Imagine this. Two grain growers are neighbours. One farms wheat and the other corn. Both have invested a lot of money in their silos and grain handling equipment, all of which continues to be a significant cost in their operations. The corn farmer is an innovator and comes up with a bright idea. She approaches her neighbour and gives him the following proposition: since their infrastructure is such an overhead, why not, in the name of efficiency, join up and share their silos?
What farmer wouldn’t reject this idea out of hand? If a grain grower needs more capacity, in theory they could re-engineer the entire storage and handling system to use someone else’s silo, strike up new support arrangements with their equipment providers, and seek insurance to cover new risks of mixing up their grains. But it would be simpler, cheaper and quicker to just build themselves another silo!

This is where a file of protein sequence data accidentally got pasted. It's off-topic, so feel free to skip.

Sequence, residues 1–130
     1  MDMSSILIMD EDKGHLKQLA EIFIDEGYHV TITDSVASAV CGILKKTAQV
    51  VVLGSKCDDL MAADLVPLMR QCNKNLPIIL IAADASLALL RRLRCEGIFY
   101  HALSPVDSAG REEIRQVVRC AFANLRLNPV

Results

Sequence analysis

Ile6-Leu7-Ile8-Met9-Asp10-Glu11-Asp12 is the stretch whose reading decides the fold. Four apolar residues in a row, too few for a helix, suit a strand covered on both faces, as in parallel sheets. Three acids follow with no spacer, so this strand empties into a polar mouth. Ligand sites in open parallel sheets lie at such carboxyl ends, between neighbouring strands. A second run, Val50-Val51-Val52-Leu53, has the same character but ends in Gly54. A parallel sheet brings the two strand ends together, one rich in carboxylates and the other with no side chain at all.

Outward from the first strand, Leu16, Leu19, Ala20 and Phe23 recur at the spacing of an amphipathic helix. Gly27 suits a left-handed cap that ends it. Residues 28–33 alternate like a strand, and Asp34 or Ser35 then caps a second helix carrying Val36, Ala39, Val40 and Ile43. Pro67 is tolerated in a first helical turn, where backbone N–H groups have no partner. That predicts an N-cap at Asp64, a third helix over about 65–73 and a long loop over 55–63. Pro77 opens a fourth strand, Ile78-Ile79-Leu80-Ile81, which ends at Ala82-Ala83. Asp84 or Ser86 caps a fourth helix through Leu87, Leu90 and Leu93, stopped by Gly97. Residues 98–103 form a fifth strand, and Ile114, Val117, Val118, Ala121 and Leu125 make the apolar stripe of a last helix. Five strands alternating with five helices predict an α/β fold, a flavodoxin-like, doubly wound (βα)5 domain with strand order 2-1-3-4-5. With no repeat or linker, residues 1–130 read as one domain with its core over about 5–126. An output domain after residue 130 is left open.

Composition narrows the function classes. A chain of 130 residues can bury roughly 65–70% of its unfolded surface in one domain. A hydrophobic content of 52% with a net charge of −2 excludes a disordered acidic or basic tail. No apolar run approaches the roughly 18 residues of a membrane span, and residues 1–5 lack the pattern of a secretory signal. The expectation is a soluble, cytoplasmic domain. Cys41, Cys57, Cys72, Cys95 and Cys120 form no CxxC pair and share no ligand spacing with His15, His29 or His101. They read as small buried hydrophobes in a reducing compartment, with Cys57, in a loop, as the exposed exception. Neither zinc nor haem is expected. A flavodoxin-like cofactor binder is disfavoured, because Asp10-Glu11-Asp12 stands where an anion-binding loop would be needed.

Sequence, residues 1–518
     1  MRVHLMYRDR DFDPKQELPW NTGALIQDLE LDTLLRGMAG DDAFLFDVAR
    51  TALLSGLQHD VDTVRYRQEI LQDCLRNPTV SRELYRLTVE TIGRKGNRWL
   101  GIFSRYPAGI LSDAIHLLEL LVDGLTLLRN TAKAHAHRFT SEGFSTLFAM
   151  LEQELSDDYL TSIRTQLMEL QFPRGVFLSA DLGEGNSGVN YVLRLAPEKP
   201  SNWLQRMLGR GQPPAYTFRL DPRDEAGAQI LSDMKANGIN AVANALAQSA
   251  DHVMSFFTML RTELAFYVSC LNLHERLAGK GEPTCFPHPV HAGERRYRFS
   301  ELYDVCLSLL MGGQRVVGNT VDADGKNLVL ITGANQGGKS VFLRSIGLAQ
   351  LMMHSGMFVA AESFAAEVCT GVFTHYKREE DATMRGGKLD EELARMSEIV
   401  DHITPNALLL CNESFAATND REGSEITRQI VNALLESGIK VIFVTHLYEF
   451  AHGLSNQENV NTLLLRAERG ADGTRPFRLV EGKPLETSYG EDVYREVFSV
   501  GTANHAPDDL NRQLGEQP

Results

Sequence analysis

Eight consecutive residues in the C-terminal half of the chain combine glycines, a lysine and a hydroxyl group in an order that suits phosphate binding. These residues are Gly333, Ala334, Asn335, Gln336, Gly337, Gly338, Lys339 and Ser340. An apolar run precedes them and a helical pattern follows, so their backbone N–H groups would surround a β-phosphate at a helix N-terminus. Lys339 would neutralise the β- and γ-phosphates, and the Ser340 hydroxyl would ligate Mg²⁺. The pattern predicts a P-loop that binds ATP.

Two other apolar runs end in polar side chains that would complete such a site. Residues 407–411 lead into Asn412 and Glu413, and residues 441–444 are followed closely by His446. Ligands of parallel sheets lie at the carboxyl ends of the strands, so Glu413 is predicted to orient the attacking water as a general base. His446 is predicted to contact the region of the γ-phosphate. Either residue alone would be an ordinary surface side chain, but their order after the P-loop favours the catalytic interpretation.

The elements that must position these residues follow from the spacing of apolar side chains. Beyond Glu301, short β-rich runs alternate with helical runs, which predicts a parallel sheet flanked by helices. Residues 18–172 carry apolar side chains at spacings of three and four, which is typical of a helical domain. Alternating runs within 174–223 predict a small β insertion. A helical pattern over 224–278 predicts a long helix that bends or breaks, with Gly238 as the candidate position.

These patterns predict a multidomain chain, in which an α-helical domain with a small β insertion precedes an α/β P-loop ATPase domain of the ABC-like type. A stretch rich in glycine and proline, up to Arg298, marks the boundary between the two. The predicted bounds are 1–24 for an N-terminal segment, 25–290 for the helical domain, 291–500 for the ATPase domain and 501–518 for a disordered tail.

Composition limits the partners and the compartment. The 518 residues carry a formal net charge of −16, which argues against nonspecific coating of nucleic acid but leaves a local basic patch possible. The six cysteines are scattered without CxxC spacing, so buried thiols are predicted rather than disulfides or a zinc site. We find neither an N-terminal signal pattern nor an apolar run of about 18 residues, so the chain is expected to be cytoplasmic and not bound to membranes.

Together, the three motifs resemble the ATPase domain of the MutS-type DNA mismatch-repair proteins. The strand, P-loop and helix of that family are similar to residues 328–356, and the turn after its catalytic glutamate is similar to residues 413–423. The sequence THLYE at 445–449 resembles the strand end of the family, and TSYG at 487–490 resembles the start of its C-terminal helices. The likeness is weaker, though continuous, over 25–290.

“Break down the silos” is one of the catch cries of modern management practice, and it’s a special rallying call in the Federated Identity movement. Nobody denies that myriad passwords and security devices have become a huge headache, but attempts to solve what is really a technology and human factors challenge, by sharing identities and identity provisioning all too often come unstuck.
It’s not for nothing that we call identity domains “silos”. Grain silos are architecturally elegant, strong and safe; they are critical infrastructure for farmers.
Of all the metaphors in identity management, “silo” is actually one of the good ones. And you have to wonder when and why it became a dirty word in our industry. Identity silos are actually carefully constructed risk management arrangements and in IDAM, risk is the name of the game. As such, silos are not to be trifled with!